" I like the smell of my hair treatment; the pleasin’ odor’s half the point. "
— George Clooney, O Brother, Where Art Thou?

MRQE Top Critic

Midnight in Paris

Allen and Wilson dip their toes into the golden age —Marty Mapes (review...)

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Captain Marvel is a busy — but uninvolving — misfire.

Not Just a Girl

Carol Danvers is Captain Marvel
Carol Danvers is Captain Marvel

It’s not all bad news.

Brie Larson is well-cast as Carol Danvers and she holds her own with the likes of Samuel L. Jackson (her co-star in Kong: Skull Island), Annette Bening (Ruby Sparks) and Jude Law (Sherlock Holmes: Game of Shadows). As for Jackson, he’s a calmer, younger — and less abrasive — version of himself as the magic of CGI transports him back to 1995 (that’s the year after Pulp Fiction, which ultimately set Jackson barreling down the path of self-caricature).

The movie starts strong, with an interesting shake-up of the typical origin story. The action starts right in the thick of things, with a war raging between the Kree and the Skrull (uh... don’t worry about who’s who and what’s what). “Vers” (Larson) is in training with Yon-Rogg (Law) to master her unique powers. But there’s a mystery as to who Vers really is.

Vers has a connection to a dump of a planet called C-53 (Terrans like to call it Earth). Who is she? Where did she come from? How did she get here? Why is her blood blue?

Flashbacks tell a story of a determined girl growing up in a man’s world. She takes her lumps as she falls, collides, spins-out and crashes — whether at play or while trying to prove herself in the lower ranks of the U.S. Air Force. It’s a common refrain (one well-told in the Dark Knight trilogy): Why do we fall? So we can learn how to pick ourselves up again.

The Wrong Stuff

For all the good, though, there’s plenty of bad — or not-so-good — at least by recent Marvel standards. This is certainly a weaker entry in the canon and an opportunity for something greater missed by its tag-team directors (Anna Boden and Ryan Fleck, It’s Kind of a Funny Story) and gaggle of five story crafters.

The story feels forced as it tries to both introduce Captain Marvel and insert her into the action of the upcoming Avengers: Endgame. In the process, resonance and heart — hallmarks of most Marvel movies — are missing. And, really, it’s not nearly as much fun as it should be.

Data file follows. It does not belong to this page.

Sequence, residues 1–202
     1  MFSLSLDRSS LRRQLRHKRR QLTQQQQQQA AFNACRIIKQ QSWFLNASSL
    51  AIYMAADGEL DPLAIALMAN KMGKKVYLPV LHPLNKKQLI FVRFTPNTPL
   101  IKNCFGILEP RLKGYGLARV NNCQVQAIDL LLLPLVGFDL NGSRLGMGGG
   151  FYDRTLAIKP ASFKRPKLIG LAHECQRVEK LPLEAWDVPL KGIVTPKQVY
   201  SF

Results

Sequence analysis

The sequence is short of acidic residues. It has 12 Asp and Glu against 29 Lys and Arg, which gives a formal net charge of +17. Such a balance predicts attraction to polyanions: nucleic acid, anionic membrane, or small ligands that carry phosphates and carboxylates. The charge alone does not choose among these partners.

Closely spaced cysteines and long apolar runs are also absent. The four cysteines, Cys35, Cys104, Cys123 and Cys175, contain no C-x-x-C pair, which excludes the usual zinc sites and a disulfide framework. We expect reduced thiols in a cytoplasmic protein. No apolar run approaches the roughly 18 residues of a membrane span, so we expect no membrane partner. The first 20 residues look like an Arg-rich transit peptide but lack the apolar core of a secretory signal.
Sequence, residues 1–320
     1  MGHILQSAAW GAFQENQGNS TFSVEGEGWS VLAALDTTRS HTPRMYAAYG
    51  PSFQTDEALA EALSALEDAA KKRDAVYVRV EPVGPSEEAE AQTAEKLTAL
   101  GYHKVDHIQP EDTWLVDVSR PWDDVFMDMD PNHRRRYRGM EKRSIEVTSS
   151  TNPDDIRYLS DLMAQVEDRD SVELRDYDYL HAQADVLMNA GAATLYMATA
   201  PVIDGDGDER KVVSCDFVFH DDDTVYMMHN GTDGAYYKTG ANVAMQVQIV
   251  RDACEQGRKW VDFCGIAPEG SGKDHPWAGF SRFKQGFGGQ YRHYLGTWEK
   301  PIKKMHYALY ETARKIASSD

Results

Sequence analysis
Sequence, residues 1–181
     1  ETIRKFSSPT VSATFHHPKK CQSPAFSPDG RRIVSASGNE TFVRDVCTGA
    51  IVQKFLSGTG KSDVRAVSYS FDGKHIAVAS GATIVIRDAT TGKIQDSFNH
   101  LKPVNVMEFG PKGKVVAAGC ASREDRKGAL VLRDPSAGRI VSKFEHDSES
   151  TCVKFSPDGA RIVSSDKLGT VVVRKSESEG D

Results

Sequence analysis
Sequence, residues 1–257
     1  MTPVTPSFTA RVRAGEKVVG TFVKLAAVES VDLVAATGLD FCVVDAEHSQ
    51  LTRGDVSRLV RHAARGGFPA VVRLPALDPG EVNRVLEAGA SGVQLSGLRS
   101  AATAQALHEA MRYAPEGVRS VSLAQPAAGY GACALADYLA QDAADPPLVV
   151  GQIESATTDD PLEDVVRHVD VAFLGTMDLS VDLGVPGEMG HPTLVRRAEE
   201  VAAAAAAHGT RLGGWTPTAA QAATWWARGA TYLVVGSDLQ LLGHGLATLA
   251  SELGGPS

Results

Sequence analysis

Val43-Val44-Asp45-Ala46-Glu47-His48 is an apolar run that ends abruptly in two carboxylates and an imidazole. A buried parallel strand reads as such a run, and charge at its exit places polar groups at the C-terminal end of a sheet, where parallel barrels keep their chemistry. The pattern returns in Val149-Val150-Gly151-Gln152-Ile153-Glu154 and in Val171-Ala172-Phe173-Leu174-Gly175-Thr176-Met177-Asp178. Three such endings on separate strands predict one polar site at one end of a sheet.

Most of the fun that is here relies on ’90s riffs: Blockbuster video stores, low-def technology, CDs, the original Game Boy, the Alta Vista search engine, AOL, two-way pagers — and music from Garbage, Guns N’ Roses, Nirvana and No Doubt.

Yeah. That’s fine. But, c’mon. It’s pretty low-rent stuff for a major entry in one of the most popular film shingles in the history of cinema. What about generating some excitement? Some tension? What about having something meaningful — and personal — at stake? Why doesn’t Captain Marvel have something more to say as a movie with a built-in audience that’s craving more, more, more?

Empowerment

Captain Marvel wipes out while riding the wave started by Wonder Woman and Black Panther. There’s just enough 1990s misogyny here to indicate the writers may have bailed on bigger ideas. Maybe they simply got crushed under the weight of a bulky storyline that does more to promote the cause of the migrant worker than to set young girls alight with the inspiration to become the next Captain Marvel.

Indeed, Captain Marvel’s origin story is complicated enough. But it’s further complicated here through a non-linear narrative that adds to the intrigue while throwing a rug over the underlying weaknesses.

Ultimately, too much is thrown to the trite and the tame instead of leaning forward into the world of the bold and the brave.

Case in point: Yon-Rogg is a little lazy as he pulls out the ol’ (decidedly Terran) bumper sticker slogan of becoming the “best version of you” while training Vers while peddling Yoda-like mysticism about controlling her impulses and recognizing how her emotions are driven by her tangled past.

When the movie opens, there’s a really well-done tribute to the late, great Stan Lee as part of the Marvel Studios opening banner. It’s a shame, though, the rest of the movie doesn’t stand as a stronger tribute to his legacy.